Comments Concerning the Costs and Benefits to U.S. Industry of U.S. International Government Procurement Obligations
An excerpt from Global Trade Watch's official comment submission on U.S. procurement obligations is below. For the full report, please click here.
Public Citizen welcomes the opportunity to submit comments to the U.S. Department of Commerce and the Office of the U.S. Trade Representative (USTR) on U.S. government procurement obligations in trade agreements. Public Citizen is a nonprofit consumer group with more than 400,000 members. A mission of Public Citizen is to ensure that in this era of globalization, a majority can enjoy economic security; a clean environment; safe food, medicines and products; access to quality affordable services; and the exercise of democratic decision-making about the matters that affect their lives.
In the context of a creeping expansion of the scope of “trade” agreements negotiated behind closed doors with hundreds of official corporate advisors, Americans across the political spectrum have become aware and upset about the ways in which today’s “trade” pacts conflict with their goals and values. As agreements have expanded far beyond traditional matters such as cutting tariffs and limiting quotas, more Americans have become engaged in demanding a new approach. As a result, the status quo U.S. trade policy model now faces unprecedented crises politically, economically and socially.
Thus, a review of trade-pact procurement terms is timely. These terms constrain how the public can direct our federal and state officials to spend our tax dollars. The rules require firms operating in trade partner countries to be treated like U.S. firms – and foreign goods to be treated as if they were made in America – with respect to many types of government contracts over a set dollar-value threshold, with some limits for U.S. defense agencies and some products. Effectively, these rules offshore our tax dollars rather than investing them to create jobs and innovation at home. As a result, currently “Buy American” now actually means companies and products from 60 countries must be given the same access to U.S. government contracts as U.S. firms and products for all but the lowest-value contracts. And 37 U.S. states are bound to such rules with respect to the 45 signatory countries of the World Trade Organization (WTO) Agreement on Government Procurement (GPA).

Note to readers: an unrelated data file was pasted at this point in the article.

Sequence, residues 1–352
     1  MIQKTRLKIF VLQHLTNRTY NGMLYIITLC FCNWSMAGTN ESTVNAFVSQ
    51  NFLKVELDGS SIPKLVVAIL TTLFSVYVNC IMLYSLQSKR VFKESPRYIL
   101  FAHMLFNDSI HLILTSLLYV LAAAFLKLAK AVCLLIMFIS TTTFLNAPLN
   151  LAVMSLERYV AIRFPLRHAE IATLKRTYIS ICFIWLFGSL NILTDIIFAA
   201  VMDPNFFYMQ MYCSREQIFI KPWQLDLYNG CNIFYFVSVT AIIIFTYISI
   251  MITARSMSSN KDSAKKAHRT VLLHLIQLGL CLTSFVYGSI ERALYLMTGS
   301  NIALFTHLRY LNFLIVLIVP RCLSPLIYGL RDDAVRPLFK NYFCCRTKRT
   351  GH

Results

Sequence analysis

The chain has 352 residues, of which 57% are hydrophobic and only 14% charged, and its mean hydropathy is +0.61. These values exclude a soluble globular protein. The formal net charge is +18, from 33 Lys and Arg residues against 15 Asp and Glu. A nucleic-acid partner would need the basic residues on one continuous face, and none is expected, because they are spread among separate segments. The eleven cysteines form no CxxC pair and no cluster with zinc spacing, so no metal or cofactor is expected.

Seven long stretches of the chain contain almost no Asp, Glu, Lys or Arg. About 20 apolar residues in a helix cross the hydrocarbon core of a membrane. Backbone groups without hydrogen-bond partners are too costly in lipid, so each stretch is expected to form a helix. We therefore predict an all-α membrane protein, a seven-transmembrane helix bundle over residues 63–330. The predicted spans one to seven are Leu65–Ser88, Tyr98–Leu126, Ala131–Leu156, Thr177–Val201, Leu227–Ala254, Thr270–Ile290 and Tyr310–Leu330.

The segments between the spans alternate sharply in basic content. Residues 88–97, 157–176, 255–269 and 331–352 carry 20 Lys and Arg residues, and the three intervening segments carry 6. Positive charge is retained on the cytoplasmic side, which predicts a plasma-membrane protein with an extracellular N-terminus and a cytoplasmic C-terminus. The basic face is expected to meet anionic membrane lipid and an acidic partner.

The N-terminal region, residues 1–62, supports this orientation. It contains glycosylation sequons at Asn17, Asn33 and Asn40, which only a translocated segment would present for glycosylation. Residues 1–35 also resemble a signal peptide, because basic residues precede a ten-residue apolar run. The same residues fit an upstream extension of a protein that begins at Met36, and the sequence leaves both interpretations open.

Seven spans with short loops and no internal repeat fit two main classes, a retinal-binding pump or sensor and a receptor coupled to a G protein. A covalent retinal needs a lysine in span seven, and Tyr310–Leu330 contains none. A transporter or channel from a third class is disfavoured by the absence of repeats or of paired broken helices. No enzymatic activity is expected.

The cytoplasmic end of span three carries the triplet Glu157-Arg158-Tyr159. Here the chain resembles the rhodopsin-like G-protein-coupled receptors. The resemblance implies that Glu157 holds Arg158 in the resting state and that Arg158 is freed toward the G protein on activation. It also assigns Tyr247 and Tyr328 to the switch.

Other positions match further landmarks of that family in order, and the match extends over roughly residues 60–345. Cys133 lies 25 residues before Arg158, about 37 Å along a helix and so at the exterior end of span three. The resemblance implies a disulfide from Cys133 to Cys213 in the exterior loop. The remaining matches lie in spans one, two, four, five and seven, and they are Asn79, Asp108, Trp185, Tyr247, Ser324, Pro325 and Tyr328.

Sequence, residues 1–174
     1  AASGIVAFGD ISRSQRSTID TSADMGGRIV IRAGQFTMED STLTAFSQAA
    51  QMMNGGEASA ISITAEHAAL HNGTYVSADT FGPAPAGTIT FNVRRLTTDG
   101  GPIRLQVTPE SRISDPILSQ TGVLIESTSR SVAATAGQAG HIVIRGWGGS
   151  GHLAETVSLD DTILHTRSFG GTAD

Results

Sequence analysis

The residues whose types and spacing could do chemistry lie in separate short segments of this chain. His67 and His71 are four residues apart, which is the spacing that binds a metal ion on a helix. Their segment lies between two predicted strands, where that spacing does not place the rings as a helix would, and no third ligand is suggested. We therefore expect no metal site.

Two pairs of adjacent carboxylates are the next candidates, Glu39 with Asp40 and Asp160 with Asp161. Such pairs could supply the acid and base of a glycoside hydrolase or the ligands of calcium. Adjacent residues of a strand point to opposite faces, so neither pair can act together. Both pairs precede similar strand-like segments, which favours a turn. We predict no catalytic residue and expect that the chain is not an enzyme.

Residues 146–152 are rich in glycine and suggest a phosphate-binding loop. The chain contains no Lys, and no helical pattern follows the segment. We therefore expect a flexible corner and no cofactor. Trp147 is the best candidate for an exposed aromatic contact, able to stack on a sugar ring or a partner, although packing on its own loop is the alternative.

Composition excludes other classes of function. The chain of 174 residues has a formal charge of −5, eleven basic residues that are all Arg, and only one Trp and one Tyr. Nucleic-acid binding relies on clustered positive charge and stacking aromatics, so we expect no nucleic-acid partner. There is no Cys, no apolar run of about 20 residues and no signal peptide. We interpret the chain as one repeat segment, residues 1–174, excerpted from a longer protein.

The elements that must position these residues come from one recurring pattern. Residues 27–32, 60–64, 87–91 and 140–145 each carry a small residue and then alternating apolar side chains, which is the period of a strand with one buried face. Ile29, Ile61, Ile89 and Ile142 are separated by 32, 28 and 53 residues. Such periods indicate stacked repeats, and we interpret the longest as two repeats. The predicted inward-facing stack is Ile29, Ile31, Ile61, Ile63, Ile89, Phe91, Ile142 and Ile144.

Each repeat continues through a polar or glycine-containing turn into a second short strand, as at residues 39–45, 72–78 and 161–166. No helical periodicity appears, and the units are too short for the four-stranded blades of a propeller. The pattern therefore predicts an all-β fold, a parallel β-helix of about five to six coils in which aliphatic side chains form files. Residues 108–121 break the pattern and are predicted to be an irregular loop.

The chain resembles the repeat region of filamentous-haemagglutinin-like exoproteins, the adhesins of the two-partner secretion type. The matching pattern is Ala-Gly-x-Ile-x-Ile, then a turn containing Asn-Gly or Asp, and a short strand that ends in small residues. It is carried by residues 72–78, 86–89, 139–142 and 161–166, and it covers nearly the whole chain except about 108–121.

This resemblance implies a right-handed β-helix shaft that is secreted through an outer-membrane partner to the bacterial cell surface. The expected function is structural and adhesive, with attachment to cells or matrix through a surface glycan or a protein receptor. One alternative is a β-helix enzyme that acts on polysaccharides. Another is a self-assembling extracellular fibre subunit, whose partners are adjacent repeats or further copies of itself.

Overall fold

These terms also eliminate a reason that U.S. businesses profiting from U.S. government contracts choose to produce domestically. Such firms advocate for the current trade pact procurement rules because they allow them to relocate production to low-wage countries with U.S. trade pacts – profiting from leaving their U.S. workers behind and often also avoiding U.S. tax obligations – and still obtain lucrative taxpayer-funded contracts. Fifty-six percent of the top 50 U.S. government federal contractors in FY 2016 were certified under just one narrow U.S. government program as having engaged in offshoring, and 41 percent of the top 100 FY 2016 contractors were certified as having offshored American jobs. More than a third of total U.S. government contract spending in FY 2016 went to firms certified as having offshored jobs. This totaled $176 billion in U.S. federal government contracts in 2016. As a candidate, President Donald Trump pledged to punish firms that offshore American jobs. However, in 2017 the flow of federal contract awards to major offshorers has continued, with United Technologies, for instance, receiving 15 new awards despite offshoring 1,200 of its 2,000 Carriers job to Mexico, and notorious offshorer General Electric obtaining scores more. As described in this submission, a U.S. president has the unilateral authority to reverse the waivers to Buy American policies that facilitate this business conduct.